Quiet Title Actions & Partition Actions
Quiet Title Actions and Partition Actions are both actions requesting the Court to determine ownership interest in a subject property. However, there are several differences in these two causes of action.
An action to quiet title occurs when one or more parties claim an ownership interest in a piece of property. The Petitioner is essentially asking the Court to determine whose claim is valid. In a sense, it is brought to “quiet” any challenges or claims to the title. Sometimes this action may be brought due to a “cloud on the title” so that the Petitioner, and those to whom he later sells the property, may forever be free of claims on the property as it relates to that seller.
The action generally alleges that the ownership (title) of a parcel of land or other real property is defective in some fashion, typically where title to the property is ambiguous Such an action may also be brought to dispel a Restraint on alienation, or another party’s claim of a non-possessory interest in land, such as an easement by prescription..
Other typical grounds for complaint may include:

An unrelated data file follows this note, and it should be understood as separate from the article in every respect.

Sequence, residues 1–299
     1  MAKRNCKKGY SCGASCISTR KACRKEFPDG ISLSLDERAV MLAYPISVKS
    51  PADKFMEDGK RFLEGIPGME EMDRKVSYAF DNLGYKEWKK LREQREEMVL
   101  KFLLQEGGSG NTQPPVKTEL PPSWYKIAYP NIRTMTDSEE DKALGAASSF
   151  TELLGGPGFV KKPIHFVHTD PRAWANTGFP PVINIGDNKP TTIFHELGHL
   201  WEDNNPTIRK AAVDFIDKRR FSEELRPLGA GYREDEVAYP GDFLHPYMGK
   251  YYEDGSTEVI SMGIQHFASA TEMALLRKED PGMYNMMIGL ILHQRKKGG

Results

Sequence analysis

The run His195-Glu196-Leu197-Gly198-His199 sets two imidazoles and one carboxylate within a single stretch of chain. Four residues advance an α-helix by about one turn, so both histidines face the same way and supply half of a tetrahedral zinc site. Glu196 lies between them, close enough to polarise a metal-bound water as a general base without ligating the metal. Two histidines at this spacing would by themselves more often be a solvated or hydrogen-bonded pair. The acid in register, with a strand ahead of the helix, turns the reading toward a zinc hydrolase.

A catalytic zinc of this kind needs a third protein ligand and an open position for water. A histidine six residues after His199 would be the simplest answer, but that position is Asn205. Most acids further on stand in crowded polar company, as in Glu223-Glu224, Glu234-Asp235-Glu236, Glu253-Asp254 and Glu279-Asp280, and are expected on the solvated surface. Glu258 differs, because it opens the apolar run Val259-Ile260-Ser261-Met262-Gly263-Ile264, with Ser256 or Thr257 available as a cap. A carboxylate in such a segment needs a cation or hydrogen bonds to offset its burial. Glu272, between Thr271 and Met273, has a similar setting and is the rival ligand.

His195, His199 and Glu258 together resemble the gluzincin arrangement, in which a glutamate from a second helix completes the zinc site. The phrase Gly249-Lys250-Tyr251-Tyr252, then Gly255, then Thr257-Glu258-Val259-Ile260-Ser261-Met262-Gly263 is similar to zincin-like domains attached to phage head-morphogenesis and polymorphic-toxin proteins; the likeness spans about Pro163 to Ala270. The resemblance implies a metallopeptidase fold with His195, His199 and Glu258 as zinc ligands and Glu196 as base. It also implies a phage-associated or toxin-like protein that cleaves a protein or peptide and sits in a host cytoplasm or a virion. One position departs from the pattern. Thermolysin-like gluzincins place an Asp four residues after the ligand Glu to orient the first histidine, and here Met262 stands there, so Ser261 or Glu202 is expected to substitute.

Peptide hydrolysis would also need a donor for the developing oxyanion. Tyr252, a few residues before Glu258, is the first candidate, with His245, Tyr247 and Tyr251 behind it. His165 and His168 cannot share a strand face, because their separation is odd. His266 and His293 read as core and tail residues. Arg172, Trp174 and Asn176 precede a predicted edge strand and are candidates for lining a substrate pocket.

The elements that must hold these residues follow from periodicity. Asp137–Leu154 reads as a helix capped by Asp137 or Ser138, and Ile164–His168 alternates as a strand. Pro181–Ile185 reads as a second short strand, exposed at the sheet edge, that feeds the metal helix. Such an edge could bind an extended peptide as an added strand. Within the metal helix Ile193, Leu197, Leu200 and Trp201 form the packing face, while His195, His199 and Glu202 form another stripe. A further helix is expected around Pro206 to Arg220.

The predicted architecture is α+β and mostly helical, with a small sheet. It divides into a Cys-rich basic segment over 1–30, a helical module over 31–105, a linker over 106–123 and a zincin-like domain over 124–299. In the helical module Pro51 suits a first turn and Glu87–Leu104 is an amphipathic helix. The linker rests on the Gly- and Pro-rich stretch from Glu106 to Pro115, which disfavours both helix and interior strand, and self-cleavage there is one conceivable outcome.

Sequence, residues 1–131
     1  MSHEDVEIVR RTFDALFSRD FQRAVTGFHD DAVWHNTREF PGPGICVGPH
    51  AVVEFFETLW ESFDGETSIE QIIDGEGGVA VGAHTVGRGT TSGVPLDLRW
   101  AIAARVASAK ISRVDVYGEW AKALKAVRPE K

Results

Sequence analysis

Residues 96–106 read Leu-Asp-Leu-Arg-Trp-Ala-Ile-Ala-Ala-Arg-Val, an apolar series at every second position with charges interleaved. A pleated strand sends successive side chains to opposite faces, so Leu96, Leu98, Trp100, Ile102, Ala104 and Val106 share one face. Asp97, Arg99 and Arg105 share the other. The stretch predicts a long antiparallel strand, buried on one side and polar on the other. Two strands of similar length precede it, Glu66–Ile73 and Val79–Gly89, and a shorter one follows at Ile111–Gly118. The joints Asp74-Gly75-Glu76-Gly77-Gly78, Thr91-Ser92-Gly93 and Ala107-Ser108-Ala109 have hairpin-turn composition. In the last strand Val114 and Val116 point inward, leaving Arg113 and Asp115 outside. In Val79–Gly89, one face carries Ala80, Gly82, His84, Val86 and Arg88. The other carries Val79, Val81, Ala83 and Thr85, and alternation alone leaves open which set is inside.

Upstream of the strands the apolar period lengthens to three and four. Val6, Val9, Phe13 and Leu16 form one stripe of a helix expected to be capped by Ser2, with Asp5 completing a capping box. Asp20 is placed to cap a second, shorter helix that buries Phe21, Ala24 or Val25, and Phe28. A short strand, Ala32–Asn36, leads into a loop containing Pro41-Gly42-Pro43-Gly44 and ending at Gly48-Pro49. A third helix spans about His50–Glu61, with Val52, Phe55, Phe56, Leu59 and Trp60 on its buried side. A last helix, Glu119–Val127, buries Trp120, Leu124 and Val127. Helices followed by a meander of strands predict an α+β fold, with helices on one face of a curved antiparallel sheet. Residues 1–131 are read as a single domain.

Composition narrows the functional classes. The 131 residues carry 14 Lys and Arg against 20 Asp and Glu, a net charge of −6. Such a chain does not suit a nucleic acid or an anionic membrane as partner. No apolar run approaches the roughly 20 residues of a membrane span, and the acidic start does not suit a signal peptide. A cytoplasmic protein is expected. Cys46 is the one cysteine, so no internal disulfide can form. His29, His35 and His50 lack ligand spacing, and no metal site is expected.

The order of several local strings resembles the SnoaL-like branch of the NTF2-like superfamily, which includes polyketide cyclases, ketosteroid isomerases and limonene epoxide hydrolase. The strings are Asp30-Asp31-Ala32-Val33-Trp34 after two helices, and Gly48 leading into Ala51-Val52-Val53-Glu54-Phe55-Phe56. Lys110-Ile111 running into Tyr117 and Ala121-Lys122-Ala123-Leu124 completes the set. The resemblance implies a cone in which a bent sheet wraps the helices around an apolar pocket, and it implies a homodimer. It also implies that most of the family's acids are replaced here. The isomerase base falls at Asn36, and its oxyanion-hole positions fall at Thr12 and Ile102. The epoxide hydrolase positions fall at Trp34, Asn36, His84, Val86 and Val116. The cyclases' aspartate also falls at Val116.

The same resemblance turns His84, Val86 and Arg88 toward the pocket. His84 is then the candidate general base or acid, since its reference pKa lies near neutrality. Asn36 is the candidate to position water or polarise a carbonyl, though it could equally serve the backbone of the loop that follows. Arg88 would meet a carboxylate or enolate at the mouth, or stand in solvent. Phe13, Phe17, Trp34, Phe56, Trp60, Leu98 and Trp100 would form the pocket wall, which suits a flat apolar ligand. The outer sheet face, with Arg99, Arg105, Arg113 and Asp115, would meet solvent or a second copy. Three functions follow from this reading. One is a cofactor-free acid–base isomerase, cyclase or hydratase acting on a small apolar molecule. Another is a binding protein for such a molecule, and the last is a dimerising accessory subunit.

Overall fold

- Adverse Possession
- Fraudulent Conveyance
- Tax Taking;
- Surveying errors; or
- Competing claims by reverter, remainder, missing hers, or lien.
On the other hand, a Partition Action does not question current ownership, but rather asks the Court to split ownership permanently. Since cutting a house in two is not an option, the Court will typically order the parties to sell the property and then split the proceeds. A Partition Action is most helpful when one party is not sharing in the costs associated with a property. This type of action has been used by investors who don’t see eye to eye and by children of a deceased parent who, after giving it a shot, learn that the expenses associated with a home left to them by their parents, are more than one of the beneficiaries can handle. The Court will usually hear evidence of expenses paid by each party to determine how the proceeds from a sale should be split.